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Beer drinkers can drink all day long again at the Colorado Brewers' Festival

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In Colorado, drinking good beer is more than just a way to celebrate. With nearly 140 breweries — big or small, independent or corporately owned — cranking out a vast array of suds, beer has become the object of many of our celebrations. And although beer festivals take place throughout the year, there is something about the summer — filled with flip-flops, bikini tops and that buzzy feeling you get from drinking during the daylight — that pairs well with hops and malt. So it's no surprise that some of Colorado's many summer beer fests — even the ones that focus on locally made craft brews and charge higher prices to drink unusual and exceptional brews — melt down into drunken debauchery.

Last year, the organizers of the Colorado Brewers' Festival in Fort Collins tried to weed out some of the drunks — and appease annoyed and overwhelmed merchants — by moving the entire thing from Old Town Square to Civic Center Park, raising the ticket price from $10 to $35 and tinkering with other details. For instance, fest-goers were limited to one three-hour session rather than being allowed to drink all day long at all three. But that pissed off the beer lovers, many of whom are Colorado State University grads from Denver who reunite every year during the brewers' festival.

"It made it a little less appetizing for them," acknowledges Peggy Lyle, event director for the Fort Collins Downtown Business Association, which organizes the fest. "They wanted to come and hang out with their friends all day."


Colorado Brewers' Festival

As a result, her group has made a few more changes to the 22-year-old fest, which is slated for June 25 and 26 and will include thirty brewers from around the state. Ticket prices will drop back down from $35 to $10, but attendees will pay $1 for a four-ounce pour of beer, meaning it will cost $3 for a full beer.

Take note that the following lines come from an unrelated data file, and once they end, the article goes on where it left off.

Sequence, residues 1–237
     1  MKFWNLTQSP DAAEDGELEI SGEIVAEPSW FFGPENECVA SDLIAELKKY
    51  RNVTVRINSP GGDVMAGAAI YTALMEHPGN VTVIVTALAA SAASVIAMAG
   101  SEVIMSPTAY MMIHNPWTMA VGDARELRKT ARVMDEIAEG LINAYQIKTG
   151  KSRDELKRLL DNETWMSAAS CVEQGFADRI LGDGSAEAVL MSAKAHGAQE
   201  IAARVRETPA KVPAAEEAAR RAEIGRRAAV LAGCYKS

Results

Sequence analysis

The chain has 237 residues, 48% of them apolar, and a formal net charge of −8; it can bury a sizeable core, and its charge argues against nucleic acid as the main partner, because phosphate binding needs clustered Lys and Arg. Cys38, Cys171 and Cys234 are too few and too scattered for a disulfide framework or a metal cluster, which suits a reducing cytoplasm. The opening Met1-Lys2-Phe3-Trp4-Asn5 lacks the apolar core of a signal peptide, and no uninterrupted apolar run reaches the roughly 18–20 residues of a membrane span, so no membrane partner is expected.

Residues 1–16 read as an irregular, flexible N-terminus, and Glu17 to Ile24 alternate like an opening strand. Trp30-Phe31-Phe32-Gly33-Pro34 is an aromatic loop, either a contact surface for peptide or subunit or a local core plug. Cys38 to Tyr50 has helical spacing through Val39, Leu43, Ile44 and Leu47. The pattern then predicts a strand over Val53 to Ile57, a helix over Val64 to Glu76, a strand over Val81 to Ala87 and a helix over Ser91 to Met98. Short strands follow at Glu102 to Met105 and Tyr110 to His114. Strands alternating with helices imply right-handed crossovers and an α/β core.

There will also be tents where the brewers will have staffers on hand to talk about the crafting of beer. "What we attempted to do this year is get back to our roots," Lyle says, noting that the fest was co-founded by Odell Brewing, which is still one of the hosts. "We really wanted to get back to some of the brewer emphasis and brewing emphasis that we had aspired to in the beginning." New Belgium Brewing, for instance, poured its first-ever beers at the fest twenty years ago this year. The company is now the third-largest craft brewer in the country. This year, a new craft brewery called Pateros Creek (the ninth to open its doors in Fort Collins) will pour its first-ever beers there.

"So it's coming back around," Lyle says.

But most important, the festival will once again be an all-day affair.

For summer festivals, that can be a good thing or a bad thing, says Odell spokeswoman Amanda Johnson, who works them. "It's hot and there's a lot of pouring time. If it's an event that's running all day long, that's a huge factor when you are in the sun," she explains. "Food vendors help."

Smaller pour sizes also help deter drunken disasters, as do higher prices. For Odell's Small Batch Revival, which took place May 28, there was no entry fee, but the brewery charged $4 for a beer across the board. "That helps keep people from overdoing it," Johnson observes. "Our feeling about the Colorado Brewers' Festival is that we want the opportunity to educate the consumers" — not overserve them.

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